Of course, not all preachers wear ties anymore. Some among denominational preachers wear robes and collars, but that is an article for a different time. Why do preachers wear neckties today?
To answer this requires some knowledge of the origin of neckties. It is said that early Roman orators wore neckerchiefs to keep their vocal chords warm. Military members of ancient nations and civilizations, like China, Croatia, and France, wore them as visual accessories. They have long been tied, pun intended, to status and wealth, and early predecessors were even used to mop up perspiration. For many years, though, it has become a component of fashion that goes with the button-down shirt and suit or slacks and blazer. It has come to signify dignity, formality, and solemnity, a recognition of the importance of an occasion. Grooms typically adorn formal wear, including a bow tie, for the wedding. People, though not as often as in days gone by, wear such apparel to funerals. Galas and formal events, charities or other organized functions, are occasions where suits and ties are found. Though society grows increasingly informal, many still recognize occasions where such attire, including the tie, is fitting.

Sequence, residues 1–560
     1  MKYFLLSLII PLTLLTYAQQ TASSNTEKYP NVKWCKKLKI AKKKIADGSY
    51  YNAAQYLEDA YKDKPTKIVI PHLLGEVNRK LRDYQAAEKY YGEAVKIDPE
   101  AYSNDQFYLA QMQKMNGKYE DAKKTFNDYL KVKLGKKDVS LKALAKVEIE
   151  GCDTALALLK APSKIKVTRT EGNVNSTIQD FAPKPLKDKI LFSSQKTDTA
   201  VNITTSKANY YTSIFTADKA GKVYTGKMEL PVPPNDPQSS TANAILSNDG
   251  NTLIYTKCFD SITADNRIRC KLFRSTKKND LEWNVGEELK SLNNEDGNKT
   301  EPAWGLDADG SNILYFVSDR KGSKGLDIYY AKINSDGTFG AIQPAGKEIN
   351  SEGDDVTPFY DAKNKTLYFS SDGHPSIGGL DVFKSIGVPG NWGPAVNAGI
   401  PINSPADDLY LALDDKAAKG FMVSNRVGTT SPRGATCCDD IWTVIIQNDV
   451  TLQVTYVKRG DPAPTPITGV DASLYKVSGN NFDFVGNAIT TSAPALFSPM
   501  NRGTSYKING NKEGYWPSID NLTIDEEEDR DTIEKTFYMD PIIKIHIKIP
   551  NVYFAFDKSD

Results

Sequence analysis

As one who sat at the feet of Wendell Winkler, I will likely never preach without wearing a tie–outside of Bible camp, foreign mission trips, and similar situations. A balanced, reasonable man, brother Winkler helped us see that the occasion of preaching commands as much dignity, respect, and reverence as we could muster. This included a coat and tie.
We do not wear a tie for our vocal chords, but it is no doubt a visual accessory. We do not don them as a symbol of wealth, and we should not be seeking status. Most wear them out of respect, some out of habit, and others still out of a sense of others’ expectations.
But, here is the point. A sound gospel preacher is not measured by what he puts around his neck. Such a man is identified by what comes out of his mouth. Such a man is determined by his thoughts, his character, and his fruits. Far better is an honest truth-teller with his top button unfastened than a slick, deceptive orator who nonetheless is adorned with coat and cravat. It is unlikely that Peter, Paul, or Jesus wore a tie. It is fine and for many preferred for the preacher to have on a tie. Just let him be sure that His heart is fastened to the Lord and His will (cf. Titus 2:10).